What Pokémon GO Tells Us about the Use of Technology in Healthcare

The biggest mobile game in U.S. history is driving Nintendo stock prices higher and has already attracted almost as many daily users as Twitter. The app is also being credited with helping Americans increase their outdoor activities and improving physical and mental health, thanks to all the walking users are doing to “catch ‘em all.” As virtual reality (VR), and to a lesser extent augmented reality (AR), become more affordable to the general public and for general use in smaller healthcare settings, these technologies will grow. And if we’ve learned anything from the Pokémon GO phenomenon, adoption doesn’t appear to be an issue.

Soon, VR devices, such as the Oculus Rift, the HTC Vive, the PS4 VR device, and Samsung Gear VR, will be (or are already) released under a $700 price point, with some as low as $300. AR devices, such as Google Glasses and the Microsoft Hololens, are available for developers, but are not quite ready for consumer use.  With the spread of affordable VR devices, their usage in smaller office settings and homes should exponentially increase. In fact, the Goldman Sachs Research Group predicts that VR/AR market share in healthcare will reach 5.1 billion by 20251.

VR and AR are both already used in healthcare applications. Broadcasts of 360-degree virtual reality surgeries have been watched live by thousands around the world.2 Recently, Case Western Reserve University3 medical school partnered with the Microsoft Hololens AR system for remote telepresence teaching and interactive anatomy lessons. Other existing applications include the treatment of phobias and PTSD via VR simulations and remote surgeries and observation4.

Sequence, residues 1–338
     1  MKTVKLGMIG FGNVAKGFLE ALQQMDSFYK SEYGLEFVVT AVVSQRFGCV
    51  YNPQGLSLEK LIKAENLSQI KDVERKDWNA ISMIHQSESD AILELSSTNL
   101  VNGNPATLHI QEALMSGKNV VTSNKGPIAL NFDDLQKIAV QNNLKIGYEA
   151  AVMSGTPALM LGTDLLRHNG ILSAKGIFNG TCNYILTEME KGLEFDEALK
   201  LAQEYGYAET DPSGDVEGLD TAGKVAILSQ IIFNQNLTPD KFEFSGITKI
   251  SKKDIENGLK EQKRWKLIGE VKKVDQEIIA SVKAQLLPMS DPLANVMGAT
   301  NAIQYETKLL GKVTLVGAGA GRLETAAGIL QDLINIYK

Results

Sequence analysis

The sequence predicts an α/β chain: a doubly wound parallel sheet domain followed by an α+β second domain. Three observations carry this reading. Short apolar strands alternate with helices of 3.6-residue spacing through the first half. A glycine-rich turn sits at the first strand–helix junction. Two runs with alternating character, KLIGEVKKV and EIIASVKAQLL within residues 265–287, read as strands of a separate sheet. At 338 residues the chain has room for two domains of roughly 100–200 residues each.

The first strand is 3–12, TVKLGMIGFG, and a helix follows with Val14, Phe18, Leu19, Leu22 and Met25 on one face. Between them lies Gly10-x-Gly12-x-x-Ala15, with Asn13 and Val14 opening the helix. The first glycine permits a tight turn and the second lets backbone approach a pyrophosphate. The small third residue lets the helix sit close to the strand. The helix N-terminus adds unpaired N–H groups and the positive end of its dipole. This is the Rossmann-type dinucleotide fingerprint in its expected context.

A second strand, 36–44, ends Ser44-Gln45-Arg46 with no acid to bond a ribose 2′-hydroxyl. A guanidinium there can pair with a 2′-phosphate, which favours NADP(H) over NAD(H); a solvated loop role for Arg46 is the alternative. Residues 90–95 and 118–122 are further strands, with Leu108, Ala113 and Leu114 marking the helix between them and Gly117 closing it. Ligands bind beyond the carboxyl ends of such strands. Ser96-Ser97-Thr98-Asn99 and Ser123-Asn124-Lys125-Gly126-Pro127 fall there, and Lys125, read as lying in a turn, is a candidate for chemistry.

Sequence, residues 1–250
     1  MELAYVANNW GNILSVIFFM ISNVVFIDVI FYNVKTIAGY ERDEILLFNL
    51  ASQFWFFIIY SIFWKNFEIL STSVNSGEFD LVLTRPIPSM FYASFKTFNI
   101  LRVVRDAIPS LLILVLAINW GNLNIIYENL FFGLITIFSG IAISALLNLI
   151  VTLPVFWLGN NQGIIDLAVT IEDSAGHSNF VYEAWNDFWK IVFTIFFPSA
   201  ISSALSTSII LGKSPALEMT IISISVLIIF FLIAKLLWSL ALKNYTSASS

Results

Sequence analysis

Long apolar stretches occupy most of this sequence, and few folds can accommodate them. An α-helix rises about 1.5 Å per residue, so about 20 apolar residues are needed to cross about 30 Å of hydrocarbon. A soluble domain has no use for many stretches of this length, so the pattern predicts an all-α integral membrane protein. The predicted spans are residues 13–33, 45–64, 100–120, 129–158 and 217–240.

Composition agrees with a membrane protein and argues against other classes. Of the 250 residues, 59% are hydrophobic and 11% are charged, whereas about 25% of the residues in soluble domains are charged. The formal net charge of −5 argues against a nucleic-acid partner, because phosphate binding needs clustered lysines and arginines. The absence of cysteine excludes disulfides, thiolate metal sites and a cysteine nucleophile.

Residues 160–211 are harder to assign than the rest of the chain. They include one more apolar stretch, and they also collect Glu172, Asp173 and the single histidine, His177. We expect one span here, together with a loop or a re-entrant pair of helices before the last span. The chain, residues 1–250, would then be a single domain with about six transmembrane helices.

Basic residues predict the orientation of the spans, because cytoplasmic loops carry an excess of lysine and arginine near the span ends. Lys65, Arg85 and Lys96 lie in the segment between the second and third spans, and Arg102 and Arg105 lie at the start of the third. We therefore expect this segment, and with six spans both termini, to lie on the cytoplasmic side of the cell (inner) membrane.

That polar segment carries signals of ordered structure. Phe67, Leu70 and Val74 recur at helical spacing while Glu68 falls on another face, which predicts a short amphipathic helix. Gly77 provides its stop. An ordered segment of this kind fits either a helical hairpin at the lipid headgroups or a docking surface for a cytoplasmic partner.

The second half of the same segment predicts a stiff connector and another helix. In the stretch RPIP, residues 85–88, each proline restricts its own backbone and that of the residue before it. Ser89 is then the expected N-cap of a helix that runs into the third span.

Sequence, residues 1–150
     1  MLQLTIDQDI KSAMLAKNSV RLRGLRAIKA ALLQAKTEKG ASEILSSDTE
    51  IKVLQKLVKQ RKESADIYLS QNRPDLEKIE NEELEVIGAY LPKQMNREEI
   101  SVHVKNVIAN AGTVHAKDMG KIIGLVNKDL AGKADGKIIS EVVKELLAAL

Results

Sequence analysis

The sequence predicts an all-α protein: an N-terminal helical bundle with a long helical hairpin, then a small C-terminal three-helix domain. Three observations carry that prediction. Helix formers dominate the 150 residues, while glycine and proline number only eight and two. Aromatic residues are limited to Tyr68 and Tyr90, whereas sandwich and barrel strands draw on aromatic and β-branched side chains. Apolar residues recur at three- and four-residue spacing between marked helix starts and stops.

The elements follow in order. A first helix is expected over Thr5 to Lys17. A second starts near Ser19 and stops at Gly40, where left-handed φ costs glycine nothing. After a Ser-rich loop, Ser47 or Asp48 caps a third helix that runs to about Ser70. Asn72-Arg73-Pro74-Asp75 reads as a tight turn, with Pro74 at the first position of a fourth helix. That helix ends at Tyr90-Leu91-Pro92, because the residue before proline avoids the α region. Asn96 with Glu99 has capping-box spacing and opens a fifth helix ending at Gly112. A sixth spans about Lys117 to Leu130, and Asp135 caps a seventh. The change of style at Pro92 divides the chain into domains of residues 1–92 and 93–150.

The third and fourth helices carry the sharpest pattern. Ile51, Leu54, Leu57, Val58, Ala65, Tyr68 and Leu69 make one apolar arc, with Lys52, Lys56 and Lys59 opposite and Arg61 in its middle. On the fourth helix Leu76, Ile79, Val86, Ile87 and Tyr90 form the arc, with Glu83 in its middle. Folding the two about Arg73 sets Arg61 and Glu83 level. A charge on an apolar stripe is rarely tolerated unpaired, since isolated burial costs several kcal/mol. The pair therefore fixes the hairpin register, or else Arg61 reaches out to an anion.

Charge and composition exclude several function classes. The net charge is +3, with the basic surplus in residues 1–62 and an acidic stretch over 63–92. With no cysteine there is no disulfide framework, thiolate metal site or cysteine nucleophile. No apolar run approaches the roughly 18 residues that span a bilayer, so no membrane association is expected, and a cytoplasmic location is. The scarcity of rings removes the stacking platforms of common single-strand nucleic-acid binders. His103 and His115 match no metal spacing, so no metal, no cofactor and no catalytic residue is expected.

While the existing uses of VR and AR will be refined and utilized in smaller settings, applications aimed at the general population will soar. Educational and training materials, such as CPR or first aid simulations and disease-specific demonstrations, will become available. The sick and homebound may benefit from virtual vacations and sightseeing. AR games overlaid on the real world may help drive an active lifestyle.

For healthcare professionals:

  • Continuing education credits can be earned by completing virtual simulations for diagnosing conditions, performing virtual procedures, or interacting with patients in specific scenarios.
  • Remote presence and consults in the operating room and emergency room can broaden medical expertise around the globe at a low cost, and general informative or diagnostic applications can be accessed with AR glasses while examining a patient.

The wider availability of AR and VR hardware will attract innovation and investment from healthcare companies, providers, and developers. Healthcare organizations should make sure to understand the needs of their users – both consumer and professional.